By Renee O'Farrell
Big pharmaceutical companies such as Johnson & Johnson (JNJ) may receive a lot of credit for their medicines, but the personal products industry is nearly just as profitable. Plus, given the nature of products like toothpaste, toilet paper and cleaning products, and the strong brand loyalty that comes with it, companies in this industry tend toward stable performance, making them perfect as longer-term positions. Moreover, the big players in this industry also offer decent dividends, further adding to the benefits of investing in the personal products industry.
Kimberly-Clark (KMB) is the smallest of the big three companies in this industry with a market cap of just $31.25 billion. It recently traded for just under $80 a share, or 14.41 times its forward earnings, and pays a dividend yield of 3.71% on a payout ratio of 65.36%. Kimberly-Clark's earnings per share increased by 4.21% a year on average over the last five years. Going forward, analysts expect the company's earnings to increase at an average rate of 7.86% a year over the next five years.
Fund manager Ric Dillion is a fan of Kimberly-Clark (check out the positions in his Diamond Hill Capital). I, on the other hand, am not. The company has a decent presence in emerging markets, but I don't see it being able to turn a strong profit in this environment. Here is a company that keeps getting hit by rising inflation and increased marketing expenditures. Kimberly-Clark's recent cost-saving programs helped to offset that to a degree, but its operating margin has still been declining. Given the state of the market and the cost of commodities, I recommend passing on this company and choosing one with a more diversified product portfolio and location profile.
Colgate-Palmolive (CL) is the second largest company in the personal products industry. It has a market cap of $48.22 billion. Colgate-Palmolive is at just over $101 a share right now, or 17.01 times its forward earnings. The company also pays a dividend of 2.45% on a payout ratio of 45.67%. Over the past five years, Colgate-Palmolive's earnings swelled almost 15% a year on average. Consensus estimates put that rate at just under 9% a year over the next five years.
First Eagle Investment Management is a fan of Colgate-Palmolive, but I am not convinced. Even with the company's ongoing share repurchases, it isn't a good bet right now. Around 80% of Colgate-Palmolive's sales come from outside the US (primarily Latin America), making this company especially vulnerable to unfavorable currency translation and changing laws in the countries in which it does business, such as the 2012 expansion of price controls in Venezuela. Again, with the pressures facing this industry, I think a more diversified company is a better bet.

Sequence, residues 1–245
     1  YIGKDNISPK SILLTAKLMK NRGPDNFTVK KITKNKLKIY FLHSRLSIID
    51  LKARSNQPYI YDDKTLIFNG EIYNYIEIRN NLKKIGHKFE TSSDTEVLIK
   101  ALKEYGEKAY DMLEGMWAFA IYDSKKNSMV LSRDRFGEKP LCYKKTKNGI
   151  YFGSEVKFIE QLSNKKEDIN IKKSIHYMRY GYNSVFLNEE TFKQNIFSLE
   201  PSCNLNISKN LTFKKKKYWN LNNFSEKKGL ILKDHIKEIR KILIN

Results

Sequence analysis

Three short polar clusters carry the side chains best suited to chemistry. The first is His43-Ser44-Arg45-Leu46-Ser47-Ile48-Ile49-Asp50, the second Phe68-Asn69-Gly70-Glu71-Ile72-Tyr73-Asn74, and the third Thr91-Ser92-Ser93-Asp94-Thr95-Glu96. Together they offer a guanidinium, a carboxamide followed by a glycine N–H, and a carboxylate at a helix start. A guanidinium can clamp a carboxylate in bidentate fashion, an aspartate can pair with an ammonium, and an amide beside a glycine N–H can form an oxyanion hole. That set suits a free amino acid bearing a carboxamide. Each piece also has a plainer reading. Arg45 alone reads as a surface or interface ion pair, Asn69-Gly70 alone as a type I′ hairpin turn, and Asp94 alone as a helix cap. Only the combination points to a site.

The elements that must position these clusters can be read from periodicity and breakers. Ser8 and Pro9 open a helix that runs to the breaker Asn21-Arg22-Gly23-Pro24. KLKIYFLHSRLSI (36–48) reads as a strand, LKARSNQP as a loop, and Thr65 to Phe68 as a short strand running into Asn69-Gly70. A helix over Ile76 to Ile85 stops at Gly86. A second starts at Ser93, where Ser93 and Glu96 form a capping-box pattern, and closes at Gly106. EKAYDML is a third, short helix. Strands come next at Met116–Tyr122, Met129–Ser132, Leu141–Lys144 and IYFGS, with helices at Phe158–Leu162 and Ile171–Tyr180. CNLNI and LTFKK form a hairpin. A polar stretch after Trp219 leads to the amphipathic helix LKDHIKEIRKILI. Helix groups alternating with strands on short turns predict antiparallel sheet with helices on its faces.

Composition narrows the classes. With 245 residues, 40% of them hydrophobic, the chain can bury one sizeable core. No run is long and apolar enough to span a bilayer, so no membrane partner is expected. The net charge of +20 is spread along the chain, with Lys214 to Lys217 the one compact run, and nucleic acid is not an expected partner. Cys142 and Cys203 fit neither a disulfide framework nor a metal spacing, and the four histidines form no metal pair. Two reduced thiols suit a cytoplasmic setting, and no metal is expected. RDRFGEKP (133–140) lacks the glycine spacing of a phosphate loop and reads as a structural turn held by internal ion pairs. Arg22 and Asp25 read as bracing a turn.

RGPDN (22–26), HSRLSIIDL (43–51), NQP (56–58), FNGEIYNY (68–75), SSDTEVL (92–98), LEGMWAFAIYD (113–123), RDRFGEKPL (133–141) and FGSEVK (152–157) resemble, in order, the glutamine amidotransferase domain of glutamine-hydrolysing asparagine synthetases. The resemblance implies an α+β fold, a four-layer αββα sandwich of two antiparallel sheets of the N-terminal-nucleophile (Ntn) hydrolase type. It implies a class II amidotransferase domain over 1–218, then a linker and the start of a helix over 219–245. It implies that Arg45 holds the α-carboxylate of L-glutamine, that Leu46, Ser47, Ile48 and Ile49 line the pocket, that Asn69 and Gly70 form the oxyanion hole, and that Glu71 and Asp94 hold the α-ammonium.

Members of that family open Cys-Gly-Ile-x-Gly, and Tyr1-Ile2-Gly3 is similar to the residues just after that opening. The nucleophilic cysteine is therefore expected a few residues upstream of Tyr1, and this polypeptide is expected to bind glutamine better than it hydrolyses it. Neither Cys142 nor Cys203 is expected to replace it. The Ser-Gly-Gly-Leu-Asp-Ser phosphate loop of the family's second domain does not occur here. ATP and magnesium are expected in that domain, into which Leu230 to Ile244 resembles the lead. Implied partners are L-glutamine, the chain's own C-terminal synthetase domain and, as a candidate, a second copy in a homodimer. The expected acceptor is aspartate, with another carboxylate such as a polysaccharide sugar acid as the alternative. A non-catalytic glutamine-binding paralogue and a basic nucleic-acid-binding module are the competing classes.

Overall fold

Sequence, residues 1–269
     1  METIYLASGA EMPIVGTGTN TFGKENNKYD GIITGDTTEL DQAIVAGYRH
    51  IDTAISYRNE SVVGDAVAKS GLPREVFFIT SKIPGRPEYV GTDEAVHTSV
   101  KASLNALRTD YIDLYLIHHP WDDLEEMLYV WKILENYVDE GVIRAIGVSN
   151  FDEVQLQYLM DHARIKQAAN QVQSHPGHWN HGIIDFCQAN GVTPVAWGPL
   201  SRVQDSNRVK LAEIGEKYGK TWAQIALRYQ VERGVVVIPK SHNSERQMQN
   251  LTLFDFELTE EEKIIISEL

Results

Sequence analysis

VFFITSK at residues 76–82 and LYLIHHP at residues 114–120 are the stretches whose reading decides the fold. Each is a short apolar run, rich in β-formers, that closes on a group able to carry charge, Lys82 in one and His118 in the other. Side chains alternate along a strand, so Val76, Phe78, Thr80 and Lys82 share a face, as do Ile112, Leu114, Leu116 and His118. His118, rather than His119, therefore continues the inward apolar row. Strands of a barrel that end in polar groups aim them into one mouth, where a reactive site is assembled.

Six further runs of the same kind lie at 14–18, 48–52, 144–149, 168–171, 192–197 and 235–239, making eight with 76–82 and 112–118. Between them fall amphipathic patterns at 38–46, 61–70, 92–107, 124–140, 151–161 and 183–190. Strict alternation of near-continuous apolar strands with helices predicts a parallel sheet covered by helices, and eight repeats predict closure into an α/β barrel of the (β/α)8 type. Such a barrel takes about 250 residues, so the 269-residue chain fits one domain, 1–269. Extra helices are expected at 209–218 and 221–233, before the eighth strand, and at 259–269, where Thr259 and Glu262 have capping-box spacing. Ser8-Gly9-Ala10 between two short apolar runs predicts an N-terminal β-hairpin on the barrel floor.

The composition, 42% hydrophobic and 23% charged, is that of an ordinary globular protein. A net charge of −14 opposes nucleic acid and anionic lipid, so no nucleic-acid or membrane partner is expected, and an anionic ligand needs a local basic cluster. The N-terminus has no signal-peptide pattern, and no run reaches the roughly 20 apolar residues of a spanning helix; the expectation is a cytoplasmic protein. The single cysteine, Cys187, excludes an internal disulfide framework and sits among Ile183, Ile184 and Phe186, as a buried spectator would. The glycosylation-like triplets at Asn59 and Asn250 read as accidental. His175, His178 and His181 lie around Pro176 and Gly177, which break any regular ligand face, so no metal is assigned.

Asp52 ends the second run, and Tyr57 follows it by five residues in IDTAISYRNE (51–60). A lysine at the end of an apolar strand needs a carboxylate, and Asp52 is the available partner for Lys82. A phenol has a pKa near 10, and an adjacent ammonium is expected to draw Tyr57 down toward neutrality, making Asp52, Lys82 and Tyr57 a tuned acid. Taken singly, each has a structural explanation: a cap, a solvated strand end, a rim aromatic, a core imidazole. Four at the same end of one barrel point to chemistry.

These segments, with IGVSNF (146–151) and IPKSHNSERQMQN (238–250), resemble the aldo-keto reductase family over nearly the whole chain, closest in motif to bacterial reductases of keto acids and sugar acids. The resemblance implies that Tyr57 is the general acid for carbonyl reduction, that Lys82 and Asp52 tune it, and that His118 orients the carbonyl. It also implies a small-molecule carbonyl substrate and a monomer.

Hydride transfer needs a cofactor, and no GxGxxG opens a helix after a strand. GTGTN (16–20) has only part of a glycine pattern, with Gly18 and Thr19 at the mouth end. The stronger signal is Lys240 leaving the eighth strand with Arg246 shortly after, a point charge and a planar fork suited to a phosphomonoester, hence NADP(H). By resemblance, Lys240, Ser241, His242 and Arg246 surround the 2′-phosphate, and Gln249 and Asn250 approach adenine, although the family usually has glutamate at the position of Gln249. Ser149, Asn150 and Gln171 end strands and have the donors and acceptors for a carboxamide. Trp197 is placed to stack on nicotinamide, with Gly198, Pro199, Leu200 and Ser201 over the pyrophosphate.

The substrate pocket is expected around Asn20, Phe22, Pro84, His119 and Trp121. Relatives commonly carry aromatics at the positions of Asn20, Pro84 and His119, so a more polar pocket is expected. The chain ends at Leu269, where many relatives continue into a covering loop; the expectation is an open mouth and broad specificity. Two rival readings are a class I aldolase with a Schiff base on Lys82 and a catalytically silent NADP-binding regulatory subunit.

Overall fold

Procter & Gamble (PG) has a market cap of $174.60 billion making it by far the largest company in this industry. It recently traded at $64.57 a share. At that price, the company has a forward price to earnings ratio of 15.25 and pays a dividend yield of 3.53% on a 62.46% payout ratio. Procter & Gamble's earnings per share increased almost 10% a year over the past five years. Over the next five years, analysts say the company's earnings per share should go up 7.84% a year on average.
Warren Buffett's Berkshire Hathaway is bullish about Procter & Gamble (see what's in Berkshire Hathaway's portfolio). Donald Yachtman is also a fan of the company (read more about Yachtman's top positions here). Even Mad Money host Jim Cramer is recommending this stock as a buy right now and I have to agree. Procter & Gamble has great competitive strength through its broad product portfolio, large distribution network and strong presence in emerging markets. These factors will greatly offset some of the risks facing the personal products industry right now, such as rising commodities prices and a volatile consumer spending environment.
Disclosure: I have no positions in any stocks mentioned, and no plans to initiate any positions within the next 72 hours.